Very interesting use case. I don’t know of any existing utilities for this (though they might still exist under a name I just don’t know to search for), but the idea of how to do this shouldn’t be too tricky. This is actually exactly the sort of thing I would use a compute shader for; but unfortunately we don’t have compute shaders on the Web (yet ), so we’d have to do it a different way.
The core idea behind the approach is just going to be checking geometric overlap after projecting everything to screen space. That part is easy: we just multiply all vertices from both meshes by the appropriate MVP matrix, just as in normal rendering. This will transform all triangles in both meshes to be flat triangles on the same plane, the screen plane. Now we just have to check if they intersect.
The core consideration for implementing this will be deciding whether you want to do it on the CPU or on the GPU. With compute shaders, this would almost certainly be an easy choice in favor of the GPU. However, since we don’t have compute shaders and so will have to get a little creative to use the GPU, it’s a bit more of a choice. I’ll describe some top-of-my-head thoughts about both approaches in a minute, but first some wild speculation about what the upsides/downsides of each approach might be:
- CPU: easier to think about, easier/more familiar to implement, able to take advantage of more clever optimizations, likely a little faster when operating on simple meshes.
- GPU: trickier to think about and implement, won’t be able to use certain optimizations but also won’t need them, likely to be much faster when operating on complex meshes.
The CPU approach is dead simple: for each triangle in mesh #1, check against every triangle in mesh #2 to see if they overlap. (Note that checking triangle overlap is a surprisingly annoying operation, though not too complicated, because triangles can be long and weird and fiddly to think about.) This is O(mn) in mesh triangle count, which is far from ideal, but there are a lot of optimizations you can do like spatially sorting triangles before you compare them. For extreme cases, you could get quite fancy by building a spatial data structure for one of the meshes, which you could then compare against in an optimized manner; this would be particularly useful if you had one relatively complex mesh you needed to compare a lot of other meshes to, since you could pay the cost of building the data structure once and reap the benefits on every comparison thereafter. Bottom line, the CPU-based approach is likely to be the easiest to implement and the easiest to customize for a particular use case; the downside is that it’ll likely be much less resilient to mesh scale than a GPU-based approach could be.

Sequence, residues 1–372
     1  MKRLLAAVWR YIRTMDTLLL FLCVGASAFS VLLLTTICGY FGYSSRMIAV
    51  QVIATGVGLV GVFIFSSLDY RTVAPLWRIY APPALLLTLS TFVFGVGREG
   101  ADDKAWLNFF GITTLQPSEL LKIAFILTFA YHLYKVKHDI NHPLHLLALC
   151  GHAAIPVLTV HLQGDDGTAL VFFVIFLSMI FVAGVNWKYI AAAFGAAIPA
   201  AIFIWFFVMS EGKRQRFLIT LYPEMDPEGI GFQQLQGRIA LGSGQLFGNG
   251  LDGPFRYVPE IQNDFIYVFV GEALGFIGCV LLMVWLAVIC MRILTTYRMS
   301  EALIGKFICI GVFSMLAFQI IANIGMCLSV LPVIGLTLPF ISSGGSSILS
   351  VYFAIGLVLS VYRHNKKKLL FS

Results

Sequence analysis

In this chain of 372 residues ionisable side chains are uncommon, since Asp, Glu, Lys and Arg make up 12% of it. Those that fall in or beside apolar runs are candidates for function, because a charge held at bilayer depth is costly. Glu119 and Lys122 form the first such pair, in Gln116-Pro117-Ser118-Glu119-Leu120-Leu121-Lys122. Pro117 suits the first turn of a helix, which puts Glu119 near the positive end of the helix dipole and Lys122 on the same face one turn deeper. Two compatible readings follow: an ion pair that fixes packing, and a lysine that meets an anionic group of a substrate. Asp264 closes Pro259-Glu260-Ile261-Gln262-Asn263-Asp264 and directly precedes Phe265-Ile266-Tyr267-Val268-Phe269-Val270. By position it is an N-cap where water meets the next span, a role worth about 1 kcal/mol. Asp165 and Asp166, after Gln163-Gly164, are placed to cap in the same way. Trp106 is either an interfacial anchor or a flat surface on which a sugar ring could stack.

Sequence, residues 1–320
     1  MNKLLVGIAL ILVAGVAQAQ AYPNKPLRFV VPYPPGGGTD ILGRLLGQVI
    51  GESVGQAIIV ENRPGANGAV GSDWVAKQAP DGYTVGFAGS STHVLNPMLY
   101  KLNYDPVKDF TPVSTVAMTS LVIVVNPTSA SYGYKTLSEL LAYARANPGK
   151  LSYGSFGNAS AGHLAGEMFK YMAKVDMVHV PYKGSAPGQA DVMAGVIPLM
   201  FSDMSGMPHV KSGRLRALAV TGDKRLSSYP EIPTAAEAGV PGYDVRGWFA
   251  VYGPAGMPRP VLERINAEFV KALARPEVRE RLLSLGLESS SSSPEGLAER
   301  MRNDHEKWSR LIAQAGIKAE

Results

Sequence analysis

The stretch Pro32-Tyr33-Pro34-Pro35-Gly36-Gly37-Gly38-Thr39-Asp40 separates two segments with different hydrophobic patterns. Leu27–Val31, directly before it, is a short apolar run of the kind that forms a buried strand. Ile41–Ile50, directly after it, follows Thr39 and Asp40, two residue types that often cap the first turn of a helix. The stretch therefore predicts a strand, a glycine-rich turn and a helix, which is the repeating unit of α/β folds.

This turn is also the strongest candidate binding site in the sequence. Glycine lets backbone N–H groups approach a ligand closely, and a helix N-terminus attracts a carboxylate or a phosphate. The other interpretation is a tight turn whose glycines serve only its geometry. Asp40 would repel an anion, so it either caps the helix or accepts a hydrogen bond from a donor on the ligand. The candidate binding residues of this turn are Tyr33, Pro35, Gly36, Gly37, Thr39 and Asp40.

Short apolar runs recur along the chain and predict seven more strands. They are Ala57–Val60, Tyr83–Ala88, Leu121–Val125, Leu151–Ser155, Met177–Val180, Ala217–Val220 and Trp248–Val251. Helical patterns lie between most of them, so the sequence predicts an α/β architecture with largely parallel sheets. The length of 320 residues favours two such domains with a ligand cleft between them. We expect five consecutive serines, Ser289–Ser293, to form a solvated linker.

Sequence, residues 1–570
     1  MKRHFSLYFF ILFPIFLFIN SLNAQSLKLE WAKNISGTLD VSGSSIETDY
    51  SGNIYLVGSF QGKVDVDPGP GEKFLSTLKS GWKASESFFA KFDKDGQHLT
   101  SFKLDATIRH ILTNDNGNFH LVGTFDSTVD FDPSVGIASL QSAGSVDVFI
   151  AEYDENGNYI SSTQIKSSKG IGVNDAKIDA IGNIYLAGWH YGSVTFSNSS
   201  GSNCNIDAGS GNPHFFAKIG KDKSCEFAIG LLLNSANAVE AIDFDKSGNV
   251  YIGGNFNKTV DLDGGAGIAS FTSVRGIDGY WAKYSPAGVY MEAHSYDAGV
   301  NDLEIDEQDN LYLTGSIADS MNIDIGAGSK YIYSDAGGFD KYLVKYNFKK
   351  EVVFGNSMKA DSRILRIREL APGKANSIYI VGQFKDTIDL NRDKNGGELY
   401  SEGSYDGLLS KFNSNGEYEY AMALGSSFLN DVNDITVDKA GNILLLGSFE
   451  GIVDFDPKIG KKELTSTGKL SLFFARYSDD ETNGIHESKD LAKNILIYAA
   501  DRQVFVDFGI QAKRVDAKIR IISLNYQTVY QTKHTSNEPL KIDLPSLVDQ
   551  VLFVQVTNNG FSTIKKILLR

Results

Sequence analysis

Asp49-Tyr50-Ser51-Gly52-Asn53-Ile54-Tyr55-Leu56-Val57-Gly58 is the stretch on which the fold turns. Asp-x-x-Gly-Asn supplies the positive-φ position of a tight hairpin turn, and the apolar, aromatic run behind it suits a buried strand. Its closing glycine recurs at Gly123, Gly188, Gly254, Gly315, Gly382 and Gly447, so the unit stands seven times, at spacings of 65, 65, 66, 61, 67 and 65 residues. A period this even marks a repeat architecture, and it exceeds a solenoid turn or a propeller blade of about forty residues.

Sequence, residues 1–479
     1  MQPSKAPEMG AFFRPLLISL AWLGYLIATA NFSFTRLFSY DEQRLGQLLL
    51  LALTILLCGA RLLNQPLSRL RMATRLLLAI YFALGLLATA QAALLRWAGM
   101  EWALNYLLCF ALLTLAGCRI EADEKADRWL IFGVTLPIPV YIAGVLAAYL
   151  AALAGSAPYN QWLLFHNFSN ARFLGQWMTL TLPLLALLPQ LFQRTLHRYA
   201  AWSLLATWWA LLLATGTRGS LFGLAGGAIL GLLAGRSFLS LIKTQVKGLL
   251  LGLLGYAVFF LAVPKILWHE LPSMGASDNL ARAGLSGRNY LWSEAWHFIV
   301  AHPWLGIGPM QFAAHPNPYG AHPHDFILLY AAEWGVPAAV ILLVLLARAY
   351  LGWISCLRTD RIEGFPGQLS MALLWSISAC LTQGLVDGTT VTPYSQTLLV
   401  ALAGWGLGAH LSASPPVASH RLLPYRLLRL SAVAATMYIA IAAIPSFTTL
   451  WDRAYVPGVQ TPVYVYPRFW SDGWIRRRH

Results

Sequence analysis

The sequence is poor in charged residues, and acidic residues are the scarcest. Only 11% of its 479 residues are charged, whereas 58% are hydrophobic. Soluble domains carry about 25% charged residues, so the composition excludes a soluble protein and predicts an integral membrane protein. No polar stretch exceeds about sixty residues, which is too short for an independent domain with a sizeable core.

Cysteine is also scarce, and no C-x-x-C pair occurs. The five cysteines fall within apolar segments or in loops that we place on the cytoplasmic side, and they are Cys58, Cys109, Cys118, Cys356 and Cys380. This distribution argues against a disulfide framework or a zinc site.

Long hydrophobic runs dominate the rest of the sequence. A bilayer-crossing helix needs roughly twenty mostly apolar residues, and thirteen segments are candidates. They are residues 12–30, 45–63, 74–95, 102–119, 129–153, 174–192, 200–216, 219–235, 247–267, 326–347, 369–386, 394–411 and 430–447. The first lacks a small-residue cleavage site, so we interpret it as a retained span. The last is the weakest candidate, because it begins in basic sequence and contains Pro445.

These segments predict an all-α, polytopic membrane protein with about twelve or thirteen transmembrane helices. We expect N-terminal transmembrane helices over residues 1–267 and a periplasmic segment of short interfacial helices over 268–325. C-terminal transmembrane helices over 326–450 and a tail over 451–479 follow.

On the GPU side, there are a few approaches you could consider. You could, for example, do basically the same thing you’d do on the CPU, but in a massively-parallel way. Do accomplish this without compute shaders, you’d probably have to encode your mesh data into textures, then render an m by n texture with the value of the pixel at (i, j) representing whether mesh #1’s i-th triangle intersects with mesh #2’s j-th triangle. That’d be fairly annoying to write, but doable; and you likely wouldn’t need to bother about optimizations like spatial sorting because the GPU wouldn’t really care much about them anyway. The other annoying thing about this approach is that you’d have to scan the resulting texture looking for “true” pixels to get the actual answer as to whether there was an overlap or not; again, doable, but annoying. An approach like this is likely to be your best bet if you need very precise answers when comparing two potentially very complex meshes.
Another GPU option would be to just clear the screen to black, then render the relevant meshes to it using a shader that just increments every pixel it writes to; any pixel that has a value more than 1 after that’s done indicates a collision in screen space. This has the obvious upside that it’s going to be very easy to write, and you can use it to check for screen space collisions among an arbitrary number of meshes with a single draw call per mesh. I can think of two downsides, however: (1) this method is likely to do a lot more work than it needs to, especially if you render at a reasonably high resolution, and you’ll still have to scan the resulting image to determine whether anything collided or not; and (2) if you attempt to optimize by rendering at a lower resolution, the precision of your answers will begin to degrade, and small triangles especially may start failing to properly report collisions.
Okay, that’s probably way more speculation than was helpful, but Deltakosh was right that I’d find this interesting. Of those three methods, which will work best probably depends on your use case. If you don’t care about precision and performance is meaningful but doesn’t have to be perfect, option #3 might be good for you. If you need precision but your meshes don’t get too huge and/or there are use-case-specific optimizations you want to take advantage of, consider option #1. And finally, if you need precision and want to be able to run as fast as possible on arbitrary and potentially complex meshes, option #2 might be your best bet.
Hope some of that was helpful, or at least interesting. Good luck!